policy debate. Options to induce China to reform its exchange rate regime (including
proposed legislation) are listed below (see also section on legislation in the 110th
Tighten Requirements on Treasury Department’s Report on
Currency. Several Members of Congress have expressed frustration over the
Treasury Department’s failure to designate China as a currency manipulator (since
1994) in its semi-annual exchange rate policies report. They contend that such a
designation would itself increase pressure on China to reform its currency. (From a
practical perspective, such a designation would require Treasury to negotiate with
China to end such practices, something Treasury is already doing.) According to the
Treasury Department’s November 2005 currency report: “Reaching judgments about
countries’ currency practices and their relationships to the terms of the Act (i.e.,
currency manipulation) for the purpose of designation is inherently complex, and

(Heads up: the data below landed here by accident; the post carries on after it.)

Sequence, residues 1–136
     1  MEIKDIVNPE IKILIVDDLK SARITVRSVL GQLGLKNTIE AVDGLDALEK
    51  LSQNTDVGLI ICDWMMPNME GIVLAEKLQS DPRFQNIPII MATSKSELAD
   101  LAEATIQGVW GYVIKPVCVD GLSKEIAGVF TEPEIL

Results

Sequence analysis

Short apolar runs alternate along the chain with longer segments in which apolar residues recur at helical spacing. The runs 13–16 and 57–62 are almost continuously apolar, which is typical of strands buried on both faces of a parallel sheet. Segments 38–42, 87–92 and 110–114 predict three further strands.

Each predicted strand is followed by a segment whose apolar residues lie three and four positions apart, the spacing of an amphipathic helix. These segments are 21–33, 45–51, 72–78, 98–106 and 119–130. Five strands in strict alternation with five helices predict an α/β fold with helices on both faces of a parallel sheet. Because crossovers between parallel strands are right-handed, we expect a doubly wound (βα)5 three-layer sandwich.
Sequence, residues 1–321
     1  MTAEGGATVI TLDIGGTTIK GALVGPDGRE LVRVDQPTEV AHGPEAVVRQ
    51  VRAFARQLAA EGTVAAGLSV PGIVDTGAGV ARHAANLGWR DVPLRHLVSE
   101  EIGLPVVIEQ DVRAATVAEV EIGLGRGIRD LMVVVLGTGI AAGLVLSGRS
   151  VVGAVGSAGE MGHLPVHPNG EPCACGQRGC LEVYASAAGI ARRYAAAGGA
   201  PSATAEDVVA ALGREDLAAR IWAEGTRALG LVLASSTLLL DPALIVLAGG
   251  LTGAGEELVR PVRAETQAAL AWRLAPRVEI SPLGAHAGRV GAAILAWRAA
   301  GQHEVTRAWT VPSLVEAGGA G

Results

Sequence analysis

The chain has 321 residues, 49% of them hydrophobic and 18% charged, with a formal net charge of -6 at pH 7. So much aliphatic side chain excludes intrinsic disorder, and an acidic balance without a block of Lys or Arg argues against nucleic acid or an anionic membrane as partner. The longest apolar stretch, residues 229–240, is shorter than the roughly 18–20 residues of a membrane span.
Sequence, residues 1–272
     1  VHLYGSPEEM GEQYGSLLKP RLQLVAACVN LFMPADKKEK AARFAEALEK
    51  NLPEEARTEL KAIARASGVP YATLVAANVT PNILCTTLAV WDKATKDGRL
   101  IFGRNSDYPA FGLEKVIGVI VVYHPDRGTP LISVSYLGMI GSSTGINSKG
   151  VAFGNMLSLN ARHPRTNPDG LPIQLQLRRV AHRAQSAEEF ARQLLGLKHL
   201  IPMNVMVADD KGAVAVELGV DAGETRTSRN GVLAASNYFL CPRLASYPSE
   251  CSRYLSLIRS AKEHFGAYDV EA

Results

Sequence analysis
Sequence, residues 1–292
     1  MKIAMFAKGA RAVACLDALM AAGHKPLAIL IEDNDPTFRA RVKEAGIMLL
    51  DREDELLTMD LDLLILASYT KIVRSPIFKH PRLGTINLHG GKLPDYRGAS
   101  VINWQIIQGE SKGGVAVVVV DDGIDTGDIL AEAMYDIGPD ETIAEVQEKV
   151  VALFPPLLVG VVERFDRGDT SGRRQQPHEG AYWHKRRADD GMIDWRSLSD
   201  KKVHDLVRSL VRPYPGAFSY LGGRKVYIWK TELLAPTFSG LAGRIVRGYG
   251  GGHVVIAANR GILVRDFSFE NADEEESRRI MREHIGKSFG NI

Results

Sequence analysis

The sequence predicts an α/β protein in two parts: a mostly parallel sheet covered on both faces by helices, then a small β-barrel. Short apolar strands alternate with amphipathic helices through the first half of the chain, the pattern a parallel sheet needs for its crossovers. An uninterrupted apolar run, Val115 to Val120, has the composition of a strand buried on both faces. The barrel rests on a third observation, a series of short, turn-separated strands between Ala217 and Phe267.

there is no formulaic procedure that accomplishes this objective.” H.R. 782, H.R.th
2942, S. 796, and S. 1607 (110 Congress) would require Treasury to identify
“fundamentally misaligned currencies” rather than manipulated currencies. S. 1677
would require to Treasury to cite a country for currency manipulation regardless of
the “intent” of its currency policy. These bills would increase the likelihood that
China would be designated, which, some observers claim, would increase pressure
on Treasury to make greater efforts to induce China to reform its currency and might73
make China more willing to boost reform efforts to avoid being designated.
Ultimately, the discretion to label the yuan as misaligned with the dollar would still
rest with the Treasury, however.
Intensify Diplomatic Efforts. The U.S. government could attempt to
persuade China through direct negotiations to change or reform its exchange rate